Commentary Magazine


Does Israel Cause Arab Anti-Semitism?

In recent years, a myth has taken root that the intense Jew-hatred that permeates Arab countries is simply the outgrowth of territorial disputes between Israel and Arab countries. Howard Gutman, the U.S. ambassador to Belgium, created a mini-firestorm when he embraced this view, declaring, “Hatred and indeed sometimes… violence directed at Jews generally [is] a result of the continuing tensions between Israel and the Palestinian territories.”

Colin Rubenstein and the good folks Down Under at AIJAC have done a useful service by tackling this myth, noting the long history of anti-Semitism in the Middle East:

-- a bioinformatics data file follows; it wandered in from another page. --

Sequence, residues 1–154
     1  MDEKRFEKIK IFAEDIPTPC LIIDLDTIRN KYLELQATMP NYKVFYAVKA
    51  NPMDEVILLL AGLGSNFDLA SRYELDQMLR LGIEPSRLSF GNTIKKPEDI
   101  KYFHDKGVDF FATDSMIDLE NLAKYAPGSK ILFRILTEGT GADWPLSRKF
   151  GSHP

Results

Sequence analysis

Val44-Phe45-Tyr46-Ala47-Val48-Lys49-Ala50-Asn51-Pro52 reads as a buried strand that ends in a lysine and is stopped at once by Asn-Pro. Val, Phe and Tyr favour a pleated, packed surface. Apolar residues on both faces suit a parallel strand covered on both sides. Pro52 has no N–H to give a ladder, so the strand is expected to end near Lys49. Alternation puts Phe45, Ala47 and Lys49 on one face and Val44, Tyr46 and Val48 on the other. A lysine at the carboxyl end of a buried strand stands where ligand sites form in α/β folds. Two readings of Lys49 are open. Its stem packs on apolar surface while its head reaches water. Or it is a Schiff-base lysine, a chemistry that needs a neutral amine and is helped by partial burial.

Jews across the Middle East began to suffer heightened violent hatred well before Israel and Zionism emerged on the agenda. In 1912, the Jewish quarter in Fez was almost destroyed in a mob attack. In the 1930s and 1940s pogroms and other attacks on the Jews were widespread in Iraq and Libya. Pro-Nazi Arabs slaughtered dozens of Jews in the “Farhoud” pogrom in Baghdad in 1941.

Tzvi Fleisher, editor of AIJAC’s The Review, goes further, taking a snap shot of anti-Semitism in the Middle East in 1835, and providing some suggestions for further reading.

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